Can Dogs Overdose on Probiotics?
While it is possible for dogs to consume too much probiotics, they cannot actually overdose. This is because ingesting higher amounts of probiotics is not directly harmful or toxic.
Worst-case scenario, dogs that eat too much probiotics will develop mils and transient digestive issues in the form of stomach upset – diarrhea, vomiting, gassiness, and bloating.
These side effects are not always linked with overdoses and can appear if using low-quality probiotics or introducing new strains of bacteria. Sudden probiotic introductions can also result in adverse reactions.
Can Probiotics be Harmful to Dogs?
It should be noted that probiotics can make the dog’s symptoms worse before yielding an improvement. It is because the gut microbiome needs some adjustment time before returning to its primary setting. This is not a harmful effect, but it is worth mentioning.
Although dogs cannot overdose on probiotics, sticking to the recommended dosages is still essential. Namely, accidental overeating on probiotics is not harmful, but continuous overuse can trigger issues.
If present in excess amounts, the good bacteria may start competing with each other, thus impairing the normal digestion processes. Plus, if a specific bacteria strain overgrows, it can cause a systemic infection.
Can a Dog have too Much Probiotics?
Yes, giving your dog too much probiotics is possible, but luckily, the scenario is not worrisome. The chances of giving your dog too much beneficial bacteria are greater if using a commercial supplement and natural probiotic sources simultaneously. Or for example, if your dog’s regular food is already enriched with probiotics.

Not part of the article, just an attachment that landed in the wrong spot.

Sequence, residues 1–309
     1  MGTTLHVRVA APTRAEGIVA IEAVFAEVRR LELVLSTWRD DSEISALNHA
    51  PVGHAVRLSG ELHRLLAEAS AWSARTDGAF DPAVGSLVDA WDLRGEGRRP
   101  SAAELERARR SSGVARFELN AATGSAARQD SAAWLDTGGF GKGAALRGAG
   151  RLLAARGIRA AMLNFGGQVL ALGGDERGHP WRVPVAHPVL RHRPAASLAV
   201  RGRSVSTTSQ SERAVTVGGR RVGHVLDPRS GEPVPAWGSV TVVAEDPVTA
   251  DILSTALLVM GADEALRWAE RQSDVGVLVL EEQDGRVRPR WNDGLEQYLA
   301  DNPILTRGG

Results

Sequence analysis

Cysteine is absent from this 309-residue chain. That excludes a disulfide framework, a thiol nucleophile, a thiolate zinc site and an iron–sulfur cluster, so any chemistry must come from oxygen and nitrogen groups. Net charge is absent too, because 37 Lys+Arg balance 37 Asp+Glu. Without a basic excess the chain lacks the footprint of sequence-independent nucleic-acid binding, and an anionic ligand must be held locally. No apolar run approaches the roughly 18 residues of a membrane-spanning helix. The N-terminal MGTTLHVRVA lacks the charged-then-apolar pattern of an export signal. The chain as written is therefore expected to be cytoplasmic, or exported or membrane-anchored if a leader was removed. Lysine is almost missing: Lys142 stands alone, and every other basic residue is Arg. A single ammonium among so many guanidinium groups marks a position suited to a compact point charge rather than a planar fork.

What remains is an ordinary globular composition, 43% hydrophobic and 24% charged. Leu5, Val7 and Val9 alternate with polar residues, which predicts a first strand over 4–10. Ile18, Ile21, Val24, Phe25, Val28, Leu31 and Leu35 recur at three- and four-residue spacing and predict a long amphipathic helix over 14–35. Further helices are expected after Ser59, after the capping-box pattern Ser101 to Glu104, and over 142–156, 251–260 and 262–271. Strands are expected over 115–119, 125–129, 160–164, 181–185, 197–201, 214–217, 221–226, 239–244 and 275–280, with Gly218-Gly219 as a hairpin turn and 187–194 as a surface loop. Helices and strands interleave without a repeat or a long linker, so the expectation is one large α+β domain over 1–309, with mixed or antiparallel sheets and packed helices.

Therefore, before getting a supplement, check the label on your dog’s food and review whether it contains any probiotic strains and, if it does, in which amounts. Then pay attention to the natural foods you are serving on a daily or regular basis.
Probiotics are found in abundance in human foods like Greek yogurt and kefir. Since probiotics should always be used in conjunction with prebiotics, do not forget about natural prebiotic sources like cruciferous vegetables, certain fruits, and mushrooms. In addition to supporting the function of probiotics, these foods contain healthy nutrients like vitamins, minerals, and antioxidants.
What Dogs Shouldn’t take Probiotics?
While probiotics support the dog’s gut and immunity, they are not universally suited for all individuals. Namely, probiotics should not be used in dogs with severely compromised immune systems. The same applies to dogs with severe infection or inflammation of the Gi tract like for example, inflammatory bowel disease (IBD).
They should also be avoided in dogs with certain chronic diseases. It is best to talk to a vet to see whether your dog’s chronic illness can benefit from this supplement or, in case it cannot, whether the probiotic can be used in conjunction with the dog’s regular medications.
Finally, probiotics should not be used immediately after surgical procedures. Dogs recovering from surgeries should not be supplemented during the initial recovery period. However, once recuperated, they can benefit from probiotics, especially if using antibiotics for prolonged times.